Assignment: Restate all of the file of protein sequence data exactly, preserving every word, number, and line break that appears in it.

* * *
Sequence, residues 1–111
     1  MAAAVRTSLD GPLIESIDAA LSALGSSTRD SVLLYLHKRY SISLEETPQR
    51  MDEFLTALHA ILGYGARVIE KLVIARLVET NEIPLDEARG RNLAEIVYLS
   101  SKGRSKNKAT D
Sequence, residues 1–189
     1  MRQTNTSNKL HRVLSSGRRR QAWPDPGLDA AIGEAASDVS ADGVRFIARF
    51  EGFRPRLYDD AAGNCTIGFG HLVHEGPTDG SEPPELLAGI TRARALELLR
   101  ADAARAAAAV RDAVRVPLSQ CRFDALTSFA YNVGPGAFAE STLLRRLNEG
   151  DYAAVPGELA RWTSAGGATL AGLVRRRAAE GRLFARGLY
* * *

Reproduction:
Sequence, residues 1–111
     1  MAAAVRTSLD GPLIESIDAA LSALGSSTRD SVLLYLHKRY SISLEETPQR
    51  MDEFLTALHA ILGYGARVIE KLVIARLVET NEIPLDEARG RNLAEIVYLS
   101  SKGRSKNKAT D
Sequence, residues 1–189
     1  MRQTNTSNKL HRVLSSGRRR QAWPDPGLDA AIGEAASDVS ADGVRFIARF
    51  EGFRPRLYDD AAGNCTIGFG HLVHEGPTDG SEPPELLAGI TRARALELLR
   101  ADAARAAAAV RDAVRVPLSQ CRFDALTSFA YNVGPGAFAE STLLRRLNEG
   151  DYAAVPGELA RWTSAGGATL AGLVRRRAAE GRLFARGLY